“The communications between citizens and their lawyers are the basis of the rights of the defence. Without protecting the secrecy of these confidences, no citizen, elected official, company or individual is guaranteed that he or she will be given the freedom to consult a lawyer to protect his or her rights”.
Attorney-client privilege is at the forefront of the rights of defence and is one of its strongest guarantees. An article enshrining lawyers’ professional secrecy for all of their defence and advisory missions was recently introduced into the preliminary article of the French Code of Criminal Procedure as a result of the adoption by the French National Assembly of the bill for trust in the judicial institution.
In this sense, the Court of Cassation recently had the opportunity, in a judgement of 26 January 2022, to revisit the notion of the attorney-client privilege and to further refine its contours.
I. From the 1971 Act to the Internal and National Regulations, the scope of attorney-client privilege has been extended
Attorney-client privilege was enshrined in Article 66-5 of the Law of 31 December 1971. This article stipulates that in all matters, both in advice and in defence, consultations and correspondence sent by an attorney to his client or intended for the latter are covered by professional secrecy. This professional secrecy also applies to correspondence between an attorney and his colleague, except for correspondence marked as “official”. The article specifies that interview notes and more generally all documents in the record are covered by professional secrecy.
On this basis, Article 2 of the National Internal Rules of the Legal Profession (“NIR”) takes up this general principle of professional secrecy of attorneys while detailing its application and scope. This article states that if the attorney is the necessary confidant of the client, it is mainly because he is bound by general, absolute and unlimited professional secrecy.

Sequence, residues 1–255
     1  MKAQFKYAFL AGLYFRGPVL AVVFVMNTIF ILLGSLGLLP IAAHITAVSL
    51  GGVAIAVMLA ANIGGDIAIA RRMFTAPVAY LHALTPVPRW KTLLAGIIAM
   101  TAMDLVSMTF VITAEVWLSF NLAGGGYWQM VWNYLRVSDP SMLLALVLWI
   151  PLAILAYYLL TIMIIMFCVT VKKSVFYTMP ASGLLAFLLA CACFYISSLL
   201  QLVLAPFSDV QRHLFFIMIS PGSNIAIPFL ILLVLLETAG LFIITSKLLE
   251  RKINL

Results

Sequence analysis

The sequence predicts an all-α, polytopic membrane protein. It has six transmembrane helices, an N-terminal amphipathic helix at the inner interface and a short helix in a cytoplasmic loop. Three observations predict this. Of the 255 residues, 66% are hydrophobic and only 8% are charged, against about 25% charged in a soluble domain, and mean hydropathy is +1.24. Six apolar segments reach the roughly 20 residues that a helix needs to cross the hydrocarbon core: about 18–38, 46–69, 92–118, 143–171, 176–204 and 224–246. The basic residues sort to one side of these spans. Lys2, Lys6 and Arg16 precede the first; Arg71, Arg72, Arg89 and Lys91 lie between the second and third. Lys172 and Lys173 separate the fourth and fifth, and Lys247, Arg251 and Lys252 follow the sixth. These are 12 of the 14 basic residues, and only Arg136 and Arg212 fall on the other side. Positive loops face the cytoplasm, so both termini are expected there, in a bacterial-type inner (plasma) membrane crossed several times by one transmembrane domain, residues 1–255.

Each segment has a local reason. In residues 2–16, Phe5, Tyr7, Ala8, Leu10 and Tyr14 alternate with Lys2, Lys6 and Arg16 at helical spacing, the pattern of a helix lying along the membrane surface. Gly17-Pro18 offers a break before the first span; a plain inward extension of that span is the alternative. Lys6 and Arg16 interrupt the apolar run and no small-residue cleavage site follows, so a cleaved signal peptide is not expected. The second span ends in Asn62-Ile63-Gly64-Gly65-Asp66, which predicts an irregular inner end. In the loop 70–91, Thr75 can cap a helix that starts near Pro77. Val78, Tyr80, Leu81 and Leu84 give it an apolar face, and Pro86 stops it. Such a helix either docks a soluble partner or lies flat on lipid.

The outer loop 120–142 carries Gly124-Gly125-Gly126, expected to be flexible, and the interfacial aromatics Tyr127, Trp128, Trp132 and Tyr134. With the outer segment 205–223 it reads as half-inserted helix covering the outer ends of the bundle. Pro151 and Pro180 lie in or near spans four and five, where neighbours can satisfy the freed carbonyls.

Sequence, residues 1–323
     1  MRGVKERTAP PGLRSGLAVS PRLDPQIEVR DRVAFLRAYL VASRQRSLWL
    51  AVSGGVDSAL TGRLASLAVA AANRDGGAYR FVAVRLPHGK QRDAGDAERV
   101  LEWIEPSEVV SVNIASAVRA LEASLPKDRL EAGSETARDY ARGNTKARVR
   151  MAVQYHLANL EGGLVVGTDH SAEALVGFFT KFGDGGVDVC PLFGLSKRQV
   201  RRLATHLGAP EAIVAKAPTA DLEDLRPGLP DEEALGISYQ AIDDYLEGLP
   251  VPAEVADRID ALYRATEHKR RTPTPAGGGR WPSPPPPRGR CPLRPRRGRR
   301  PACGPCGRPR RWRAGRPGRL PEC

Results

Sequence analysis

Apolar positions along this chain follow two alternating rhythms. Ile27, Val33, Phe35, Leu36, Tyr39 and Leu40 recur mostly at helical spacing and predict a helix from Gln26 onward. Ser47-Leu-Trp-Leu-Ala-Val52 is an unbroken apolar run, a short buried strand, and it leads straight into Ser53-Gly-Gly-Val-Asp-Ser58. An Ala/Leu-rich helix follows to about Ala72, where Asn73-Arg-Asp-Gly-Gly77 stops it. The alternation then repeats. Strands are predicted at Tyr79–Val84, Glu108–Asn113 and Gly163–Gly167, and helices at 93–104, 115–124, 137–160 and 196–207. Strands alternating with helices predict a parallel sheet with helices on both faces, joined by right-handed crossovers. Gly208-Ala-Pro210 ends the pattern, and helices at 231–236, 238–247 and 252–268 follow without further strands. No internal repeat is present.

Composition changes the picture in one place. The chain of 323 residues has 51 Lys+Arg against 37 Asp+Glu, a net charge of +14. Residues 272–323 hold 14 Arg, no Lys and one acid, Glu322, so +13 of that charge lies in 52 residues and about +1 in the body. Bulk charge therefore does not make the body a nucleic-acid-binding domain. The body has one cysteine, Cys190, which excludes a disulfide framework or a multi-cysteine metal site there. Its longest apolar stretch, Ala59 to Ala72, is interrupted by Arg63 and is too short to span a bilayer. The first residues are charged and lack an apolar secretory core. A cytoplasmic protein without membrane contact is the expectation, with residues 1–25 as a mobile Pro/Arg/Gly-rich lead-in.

The NIR specifies, in relation to the Law of 31 December 1971, hat all forms of exchange, correspondence and advice between the lawyer and his client or between the lawyer and his colleagues are concerned (paper, fax, electronic).
It also adds that all information and confidential information received by the lawyer in the exercise of the profession, but also the names of his clients and his agenda, as well as “pecuniary settlements and all handling of funds carried out in application of Article 27 paragraph 2 of the Law of 31 December 1971 ” and “information requested by the auditors or any third party (information that can only be communicated by the attorney to his client” are covered by this professional secrecy.
Any breach of the attorney’s professional secrecy is punishable by one year’s imprisonment and a 15,000 euros fine.
However, there are some exceptions provided for in Article 226-14 of the French Penal Code allowing for the lifting of professional secrecy. For example, an attorney has the right to inform the judicial, medical or administrative authorities of deprivation or abuse (including sexual assault or mutilation), of which he has knowledge, inflicted on a minor or on a person who is unable to protect himself by reason of age or physical or mental incapacity.
However, although the scope and limits of attorney-client privilege in France seem precise and established, a recent decision by the Criminal Division of the Court of Cassation may extend it further.